Saturday, 20 February 2016

Oxford Photographer. Kim Martin Photographic. Commercial Professional Photographer. Perfect Exposure

One of the hardest things in photography to do is get the perfect exposure.
I have watched no end of videos by "experts" telling you how to do it - I watched one yesterday where he said "in one shot you will have perfect exposure" then went on to say all you had to do was switch over to spot metering on your camera, point it at what you wanted to photograph and hay presto you have perfect exposure, all though he did have to say that you will need to adjust the exposure for your subject as all subjects were different and none of them are 18% grey.

So I am going to tell you how to get a perfect exposure. Point your camera at an 18% grey card and take a picture of that grey card and yes you have a perfect exposure of a grey card.

Well no you have a good exposure but no perfect as your cameras reflective light meter, built in, does not work on trying to average out the area you metered to 18% it is more likely to be between 12 and 14 percent grey. My camera is calibrated to approximately 13.7%.

So you are screwed to start with.

My solution is always to use a separate hand held meter and use an Incident reading of the light falling on my subject. The reason for this is that I know I will always get a consistent exposure and one that I can work with.
So how do you get a "perfect exposure". You can't. You can get consistently good usable exposures using an incident light reading and knowing your cameras dynamic range, so at least in RAW you can work with that image to get an image that you are happy with.

Don't use the image on the back of your camera to do anything other than to give you an idea of the exposure and composition, as the image is a JPEG version with adjustments which your camera inflicts on you. The other thing that's gets me ranting is when "professionals" tell you to ignore the image and use the histogram to get the exposure right. What they either don't know or don't tell you is that the histogram is based on the JPEG with all those in-built adjustments, so it is not a true representation of the RAW image.

If you want to know how to get a good usable exposure first you need to find out the dynamic range of your camera, you will need to do the following. REMEMBER YOU MUST BE SHOOTING IN RAW MODE.

Find a subject wearing white and place it in an area which has good even light which will not change for a few minutes. Set you camera on a tripod and focus on your subject. Now take a spot reading off an area of white which is evenly lit. This is you middle reading, then you over expose your subject a stop at a time taking a picture at each stop. The go back to your middle reading and then at one stop intervals take a picture under exposing the subject.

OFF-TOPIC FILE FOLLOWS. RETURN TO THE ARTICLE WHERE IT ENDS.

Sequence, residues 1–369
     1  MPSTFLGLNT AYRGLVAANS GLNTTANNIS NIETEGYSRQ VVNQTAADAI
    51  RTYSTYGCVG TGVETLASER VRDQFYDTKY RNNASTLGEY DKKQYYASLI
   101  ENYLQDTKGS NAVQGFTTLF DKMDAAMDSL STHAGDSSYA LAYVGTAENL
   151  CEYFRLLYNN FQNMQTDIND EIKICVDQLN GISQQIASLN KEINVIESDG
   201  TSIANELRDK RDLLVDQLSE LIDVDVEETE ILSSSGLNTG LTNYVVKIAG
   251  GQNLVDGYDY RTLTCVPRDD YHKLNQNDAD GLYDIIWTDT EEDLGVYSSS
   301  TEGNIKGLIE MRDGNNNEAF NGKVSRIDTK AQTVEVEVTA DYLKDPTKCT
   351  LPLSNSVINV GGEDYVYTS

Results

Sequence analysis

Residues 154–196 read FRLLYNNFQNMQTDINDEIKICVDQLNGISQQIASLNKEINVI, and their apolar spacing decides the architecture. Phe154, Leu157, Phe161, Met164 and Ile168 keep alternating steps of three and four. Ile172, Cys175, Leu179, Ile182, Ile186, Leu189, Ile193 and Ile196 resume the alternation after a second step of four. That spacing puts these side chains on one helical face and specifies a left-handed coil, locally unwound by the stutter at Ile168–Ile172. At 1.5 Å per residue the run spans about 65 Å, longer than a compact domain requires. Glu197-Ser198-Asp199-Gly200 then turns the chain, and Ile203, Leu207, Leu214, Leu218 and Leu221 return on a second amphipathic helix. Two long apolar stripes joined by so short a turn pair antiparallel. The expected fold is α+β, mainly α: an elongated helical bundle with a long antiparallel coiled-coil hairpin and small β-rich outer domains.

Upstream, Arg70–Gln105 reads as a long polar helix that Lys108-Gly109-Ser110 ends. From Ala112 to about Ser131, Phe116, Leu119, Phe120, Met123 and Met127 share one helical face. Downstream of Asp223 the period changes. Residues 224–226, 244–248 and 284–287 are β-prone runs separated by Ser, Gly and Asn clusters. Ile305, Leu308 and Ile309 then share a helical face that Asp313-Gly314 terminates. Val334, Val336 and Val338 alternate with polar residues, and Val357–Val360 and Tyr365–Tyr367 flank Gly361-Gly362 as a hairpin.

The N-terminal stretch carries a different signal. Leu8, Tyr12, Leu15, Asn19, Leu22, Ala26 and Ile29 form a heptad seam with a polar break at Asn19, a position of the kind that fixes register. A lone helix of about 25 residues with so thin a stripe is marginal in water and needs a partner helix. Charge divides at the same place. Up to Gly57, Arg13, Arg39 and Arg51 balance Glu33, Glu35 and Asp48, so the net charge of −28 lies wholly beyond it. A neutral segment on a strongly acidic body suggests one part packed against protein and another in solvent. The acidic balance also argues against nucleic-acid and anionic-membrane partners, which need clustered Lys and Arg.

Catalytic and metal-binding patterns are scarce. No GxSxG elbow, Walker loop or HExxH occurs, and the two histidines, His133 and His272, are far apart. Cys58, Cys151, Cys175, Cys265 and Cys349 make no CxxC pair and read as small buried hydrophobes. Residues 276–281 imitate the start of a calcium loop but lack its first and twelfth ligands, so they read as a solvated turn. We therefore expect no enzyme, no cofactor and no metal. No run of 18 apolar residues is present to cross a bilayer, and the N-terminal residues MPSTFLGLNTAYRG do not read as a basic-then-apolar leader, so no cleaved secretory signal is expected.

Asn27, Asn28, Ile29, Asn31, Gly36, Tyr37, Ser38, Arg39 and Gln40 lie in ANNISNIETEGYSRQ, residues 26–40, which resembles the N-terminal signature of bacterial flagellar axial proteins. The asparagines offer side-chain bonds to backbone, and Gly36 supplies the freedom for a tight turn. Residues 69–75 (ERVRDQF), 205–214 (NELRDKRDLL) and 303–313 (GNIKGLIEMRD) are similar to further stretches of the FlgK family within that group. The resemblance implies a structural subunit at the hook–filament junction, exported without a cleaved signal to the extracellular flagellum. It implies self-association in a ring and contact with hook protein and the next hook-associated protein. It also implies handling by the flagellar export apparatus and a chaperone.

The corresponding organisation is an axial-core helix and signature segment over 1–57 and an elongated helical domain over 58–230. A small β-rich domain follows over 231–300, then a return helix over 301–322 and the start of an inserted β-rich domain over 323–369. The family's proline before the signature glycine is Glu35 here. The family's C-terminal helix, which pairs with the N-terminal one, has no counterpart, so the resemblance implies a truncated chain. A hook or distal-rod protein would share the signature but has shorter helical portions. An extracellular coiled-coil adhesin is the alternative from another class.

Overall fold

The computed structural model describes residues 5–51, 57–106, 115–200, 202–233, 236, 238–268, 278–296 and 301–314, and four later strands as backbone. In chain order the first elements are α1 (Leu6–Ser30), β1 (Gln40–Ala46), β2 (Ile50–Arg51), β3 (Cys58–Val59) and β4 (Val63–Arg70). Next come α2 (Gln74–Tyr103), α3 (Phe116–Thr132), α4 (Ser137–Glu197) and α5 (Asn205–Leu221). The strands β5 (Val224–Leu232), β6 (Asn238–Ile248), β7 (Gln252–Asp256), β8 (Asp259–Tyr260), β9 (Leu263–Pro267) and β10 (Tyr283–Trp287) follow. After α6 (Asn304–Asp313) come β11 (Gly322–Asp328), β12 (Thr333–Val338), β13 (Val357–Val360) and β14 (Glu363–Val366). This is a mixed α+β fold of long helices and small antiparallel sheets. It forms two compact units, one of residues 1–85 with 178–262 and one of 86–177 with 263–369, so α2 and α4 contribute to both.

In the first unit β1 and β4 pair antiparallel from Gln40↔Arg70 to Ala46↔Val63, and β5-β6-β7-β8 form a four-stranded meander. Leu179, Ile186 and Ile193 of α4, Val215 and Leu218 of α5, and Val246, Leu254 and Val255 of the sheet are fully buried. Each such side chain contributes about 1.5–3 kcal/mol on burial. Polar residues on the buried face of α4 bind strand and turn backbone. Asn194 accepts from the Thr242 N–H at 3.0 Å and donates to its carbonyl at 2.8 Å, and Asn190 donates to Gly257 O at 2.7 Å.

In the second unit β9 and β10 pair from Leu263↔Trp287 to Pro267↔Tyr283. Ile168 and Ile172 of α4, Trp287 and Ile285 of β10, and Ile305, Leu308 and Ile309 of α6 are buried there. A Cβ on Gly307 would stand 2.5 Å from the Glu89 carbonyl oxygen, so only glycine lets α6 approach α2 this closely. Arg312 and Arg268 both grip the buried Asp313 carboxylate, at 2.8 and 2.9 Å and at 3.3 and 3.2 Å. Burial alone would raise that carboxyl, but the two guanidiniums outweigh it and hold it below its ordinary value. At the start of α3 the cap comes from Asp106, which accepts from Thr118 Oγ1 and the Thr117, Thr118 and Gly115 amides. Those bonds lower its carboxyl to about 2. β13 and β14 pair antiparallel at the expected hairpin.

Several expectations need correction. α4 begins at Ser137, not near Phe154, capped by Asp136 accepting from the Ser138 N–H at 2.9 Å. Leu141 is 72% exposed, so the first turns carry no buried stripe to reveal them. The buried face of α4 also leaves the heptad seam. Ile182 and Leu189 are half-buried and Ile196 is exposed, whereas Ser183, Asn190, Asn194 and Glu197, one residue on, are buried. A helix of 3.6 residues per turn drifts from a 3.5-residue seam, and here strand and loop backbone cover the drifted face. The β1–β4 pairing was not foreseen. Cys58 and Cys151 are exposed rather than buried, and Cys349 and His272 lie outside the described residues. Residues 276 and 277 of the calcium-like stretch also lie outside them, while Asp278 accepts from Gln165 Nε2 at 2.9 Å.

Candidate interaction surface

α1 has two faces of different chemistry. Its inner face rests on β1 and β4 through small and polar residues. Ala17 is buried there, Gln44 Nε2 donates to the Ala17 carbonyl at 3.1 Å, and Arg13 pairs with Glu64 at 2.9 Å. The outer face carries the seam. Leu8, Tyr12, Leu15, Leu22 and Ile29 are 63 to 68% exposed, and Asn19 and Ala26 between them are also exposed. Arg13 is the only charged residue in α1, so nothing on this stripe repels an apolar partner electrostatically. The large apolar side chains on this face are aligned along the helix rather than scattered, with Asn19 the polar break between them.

My subject is Zena the warrior princess but don't worry she's armless.













I can recover detail on 9 of the images from my fist exposure, 4 over exposed and 5 under exposed. This is important because it tells me that there is less detail captured in the highlights than the shadows so when I take a picture and I want to get the best out of a scene, then all I need to do is meter off whatever is in the scene that is white and I want to retain detail in then meter off whatever is dark in the scene that I want detail in and see if those two readings are no more than 8 stops different, then set you settings to the middle of the readings. Not perfect exposure but usable exposure. So my middle setting was 1/20th sec at f4 ISO 64 the over exposed setting that I still could recover highlight detail was 1 sec at f4 ISO 64 and the underexposed reading was 1/640 sec at f4 ISO 64.
I bet you are now even more confused than before, the more you know the worse it gets, my advice for getting the best out of your camera is practice, get to know what it is capable of and get your self a hand held light meter and take incident light readings and you will never be far off a very good exposure and occasionally it will be perfect.. Good luck.



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